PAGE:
. . . Associations should be well advised that an owner’s intentions to lien strip an association claim does not mean that the association cannot challenge or object to the owner’s effort to avoid the association’s lien. My colleagues and I have assisted associations in overcoming lien stripping efforts by debtor owners notwithstanding the debtor-friendly law supporting lien stripping. This is accomplished by countering the owner’s value of their home with an appraisal procured by the association which demonstrates that the value of the unit at the time of the bankruptcy filing was greater than the amount due under the owner’s first mortgage. Simply stated, this is an “all-or-nothing” deal: If the bankruptcy court determines that the unit maintains even just a single dollar of equity, then the owner will be required to cure all arrears due to the association over the life of the bankruptcy plan. Should the court find that the unit is underwater and lacks equity, then the owner will be in a position to carry out the bankruptcy plan to strip off the amount due to the association as of the day in which the bankruptcy case was filed. Given the risk associated with going before the bankruptcy court in this all-or-nothing lien stripping venture, wherein the bankruptcy judge will make a finding on the unit’s value that will inure entirely to the benefit of either the association or the debtor/owner, often the parties will amicably resolve the matter wherein the association agrees to accept a portion of the arrears paid through the bankruptcy plan by the debtor/owner, as opposed to having the association’s lien avoided entirely. However, should the matter proceed to a valuation hearing before the bankruptcy judge, no matter the findings of the court, an owner remains liable to the association for all regular monthly maintenance assessments as well as any special assessment that come due after the day the bankruptcy case was filed.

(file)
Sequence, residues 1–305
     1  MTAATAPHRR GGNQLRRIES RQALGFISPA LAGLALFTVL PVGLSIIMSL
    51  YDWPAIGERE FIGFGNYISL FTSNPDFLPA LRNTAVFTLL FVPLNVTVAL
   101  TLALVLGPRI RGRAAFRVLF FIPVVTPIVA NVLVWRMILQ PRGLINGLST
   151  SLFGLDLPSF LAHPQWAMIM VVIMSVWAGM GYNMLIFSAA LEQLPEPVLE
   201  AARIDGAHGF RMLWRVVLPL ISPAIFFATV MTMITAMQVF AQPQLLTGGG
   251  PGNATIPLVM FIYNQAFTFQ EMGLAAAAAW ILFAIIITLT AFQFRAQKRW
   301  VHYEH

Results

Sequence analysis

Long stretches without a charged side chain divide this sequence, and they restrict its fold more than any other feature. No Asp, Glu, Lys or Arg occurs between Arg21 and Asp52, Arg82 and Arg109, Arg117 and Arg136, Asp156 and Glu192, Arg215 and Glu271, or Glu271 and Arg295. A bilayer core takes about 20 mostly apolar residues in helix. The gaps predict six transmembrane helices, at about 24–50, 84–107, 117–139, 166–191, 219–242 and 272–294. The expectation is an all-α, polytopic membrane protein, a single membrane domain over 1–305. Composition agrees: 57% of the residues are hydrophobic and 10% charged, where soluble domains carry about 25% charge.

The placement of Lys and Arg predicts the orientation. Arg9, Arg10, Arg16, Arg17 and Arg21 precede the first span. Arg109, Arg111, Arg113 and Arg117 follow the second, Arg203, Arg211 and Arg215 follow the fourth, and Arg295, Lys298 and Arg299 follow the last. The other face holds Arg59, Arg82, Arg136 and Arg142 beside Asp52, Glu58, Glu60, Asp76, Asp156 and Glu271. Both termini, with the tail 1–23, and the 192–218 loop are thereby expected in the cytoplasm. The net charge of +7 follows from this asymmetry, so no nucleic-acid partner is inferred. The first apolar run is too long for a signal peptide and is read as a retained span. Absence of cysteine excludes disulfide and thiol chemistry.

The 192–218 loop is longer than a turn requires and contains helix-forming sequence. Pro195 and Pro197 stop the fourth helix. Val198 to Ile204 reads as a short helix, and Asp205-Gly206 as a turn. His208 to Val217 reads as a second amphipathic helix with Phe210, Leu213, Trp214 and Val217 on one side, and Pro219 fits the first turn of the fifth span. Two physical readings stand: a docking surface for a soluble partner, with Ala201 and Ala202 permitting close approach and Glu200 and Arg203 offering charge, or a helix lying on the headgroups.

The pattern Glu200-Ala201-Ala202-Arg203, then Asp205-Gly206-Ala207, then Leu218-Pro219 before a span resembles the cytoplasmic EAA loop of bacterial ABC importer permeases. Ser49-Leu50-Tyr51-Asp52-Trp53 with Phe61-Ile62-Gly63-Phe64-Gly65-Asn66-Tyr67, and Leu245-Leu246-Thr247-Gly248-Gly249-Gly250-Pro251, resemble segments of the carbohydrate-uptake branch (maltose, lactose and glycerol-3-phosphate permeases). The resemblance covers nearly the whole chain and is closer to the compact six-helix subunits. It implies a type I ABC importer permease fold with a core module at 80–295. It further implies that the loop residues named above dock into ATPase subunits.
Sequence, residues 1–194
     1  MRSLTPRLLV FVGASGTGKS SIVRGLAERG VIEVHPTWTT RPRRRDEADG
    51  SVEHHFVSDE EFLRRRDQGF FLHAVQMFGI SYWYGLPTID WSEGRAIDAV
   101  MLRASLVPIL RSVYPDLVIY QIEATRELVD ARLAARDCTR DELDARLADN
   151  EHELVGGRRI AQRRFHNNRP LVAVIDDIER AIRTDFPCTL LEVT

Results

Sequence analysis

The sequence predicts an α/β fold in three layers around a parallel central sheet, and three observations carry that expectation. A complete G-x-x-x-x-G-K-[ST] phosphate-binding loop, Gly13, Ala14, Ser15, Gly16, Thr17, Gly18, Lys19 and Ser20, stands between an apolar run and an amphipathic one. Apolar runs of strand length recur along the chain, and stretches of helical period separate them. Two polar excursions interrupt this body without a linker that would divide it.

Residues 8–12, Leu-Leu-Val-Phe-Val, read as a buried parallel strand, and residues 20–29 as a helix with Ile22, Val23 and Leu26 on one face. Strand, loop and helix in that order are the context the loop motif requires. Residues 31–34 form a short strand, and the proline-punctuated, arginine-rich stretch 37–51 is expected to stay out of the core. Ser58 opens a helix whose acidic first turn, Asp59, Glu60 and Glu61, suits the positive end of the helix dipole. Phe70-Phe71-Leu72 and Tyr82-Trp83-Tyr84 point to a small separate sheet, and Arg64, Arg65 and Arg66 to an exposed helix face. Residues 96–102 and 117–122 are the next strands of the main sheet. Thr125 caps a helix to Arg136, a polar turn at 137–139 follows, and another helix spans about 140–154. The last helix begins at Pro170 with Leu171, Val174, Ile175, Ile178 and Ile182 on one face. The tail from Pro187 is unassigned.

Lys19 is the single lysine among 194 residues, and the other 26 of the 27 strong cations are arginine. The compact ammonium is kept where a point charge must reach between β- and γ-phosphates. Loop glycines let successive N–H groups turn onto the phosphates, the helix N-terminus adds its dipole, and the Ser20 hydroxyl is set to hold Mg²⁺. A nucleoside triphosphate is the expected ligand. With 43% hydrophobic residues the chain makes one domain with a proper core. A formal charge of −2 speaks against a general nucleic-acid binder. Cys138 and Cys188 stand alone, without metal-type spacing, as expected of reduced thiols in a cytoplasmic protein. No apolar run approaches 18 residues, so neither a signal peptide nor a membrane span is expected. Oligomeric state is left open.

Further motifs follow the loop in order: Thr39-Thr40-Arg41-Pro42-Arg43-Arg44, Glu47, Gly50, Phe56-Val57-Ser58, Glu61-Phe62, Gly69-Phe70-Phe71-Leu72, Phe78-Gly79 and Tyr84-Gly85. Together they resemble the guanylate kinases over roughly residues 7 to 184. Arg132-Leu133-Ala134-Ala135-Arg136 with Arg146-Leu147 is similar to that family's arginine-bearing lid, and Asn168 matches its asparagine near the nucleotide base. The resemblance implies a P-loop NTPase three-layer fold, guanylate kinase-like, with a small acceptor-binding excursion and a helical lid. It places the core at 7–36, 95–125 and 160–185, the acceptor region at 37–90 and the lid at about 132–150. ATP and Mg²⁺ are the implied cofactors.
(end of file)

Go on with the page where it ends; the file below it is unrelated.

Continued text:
flcaj_logo.jpgJeffrey also writes about recent rulings that preclude bankruptcy lien strips from being extended to subsequent buyers:

Additionally and as a related event connected to the craze of the foreclosure crisis in South Florida over the last several years, associations are finding that investors (a/k/a “third-party buyers”) are positioning themselves to purchase units in foreclosure. Florida Statutes governing associations provide that a “subsequent owner” is liable to the association for the prior owner’s outstanding maintenance obligations. Notwithstanding, these third-party buyers who purchase a unit out of foreclosure that was formerly owned by an individual who filed for bankruptcy relief have creatively argued that they should get the benefit of the prior owner’s bankruptcy discharge or, in certain circumstances, the prior owner’s avoidance of the association’s lien via the lien stripping action and, therefore, are not liable to the association as the subsequent owner for the prior owner’s liabilities that were released through the bankruptcy case.